Outcomes of Endoscopic and Percutaneous Drainage of Pancreatic Fluid Collections Arising after Pancreatic Tail Resection
Journal of the American College of Surgeons, 06/01/2012
Azeem N et al. – Endoscopic drainage and percutaneous drainage appear to be equally effective and complementary interventions for PFCs occurring after pancreatic tail resection. Primary endoscopic drainage may be associated with shorter hospital stay and fewer CT scans.Methods
- From December 1998 to April 2011, they identified all patients who underwent pancreatic tail resection and developed PFCs requiring intervention.
- The primary aim was to compare overall success rates in resolution of PFCs using endoscopic and percutaneous modalities.
- Success rates, hospital length of stay, number of CT scans, sinograms and endoscopies performed, and days with drain(s) in place were compared.
- Forty–eight patients were identified.
- Percutaneous drainage was performed a median of 25 days postoperatively, compared with 85 days for endoscopic drainage (p < 0.001).
- Endoscopic and percutaneous methods had similar rates of technical success (100% vs 97%, p = 0.50) and treatment success (80% vs 81%, p = 0.92), respectively.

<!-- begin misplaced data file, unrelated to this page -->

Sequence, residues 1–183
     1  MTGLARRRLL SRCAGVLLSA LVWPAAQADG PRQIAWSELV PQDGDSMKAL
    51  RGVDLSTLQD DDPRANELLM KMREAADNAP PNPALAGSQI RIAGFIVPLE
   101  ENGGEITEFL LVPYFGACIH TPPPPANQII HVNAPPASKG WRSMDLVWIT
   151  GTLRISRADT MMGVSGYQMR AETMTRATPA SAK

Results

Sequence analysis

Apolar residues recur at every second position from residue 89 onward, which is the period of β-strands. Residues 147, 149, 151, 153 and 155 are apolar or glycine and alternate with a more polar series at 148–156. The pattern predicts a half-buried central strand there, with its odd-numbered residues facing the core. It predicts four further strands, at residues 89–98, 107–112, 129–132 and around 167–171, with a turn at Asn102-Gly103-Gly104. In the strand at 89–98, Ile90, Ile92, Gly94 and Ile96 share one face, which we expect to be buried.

- Recurrence rates were 16.6% for the endoscopic group and 23% for the percutaneous group (p = 0.65), and adverse events occurred in 9.4% of those treated endoscopically vs 13.3% of those treated percutaneously (p = 0.68).
- Location and characteristics of PFCs did not influence success rates. Recurrences were often treated by “salvage” drainage via the other modality.
- Median hospital stay was longer after primary percutaneous drainage compared with primary endoscopic drainage (5.5 days vs 2 days, p = 0.046).
- Primary percutaneous drainage patients also had more CT scans (median 3 vs 2, p = 0.03).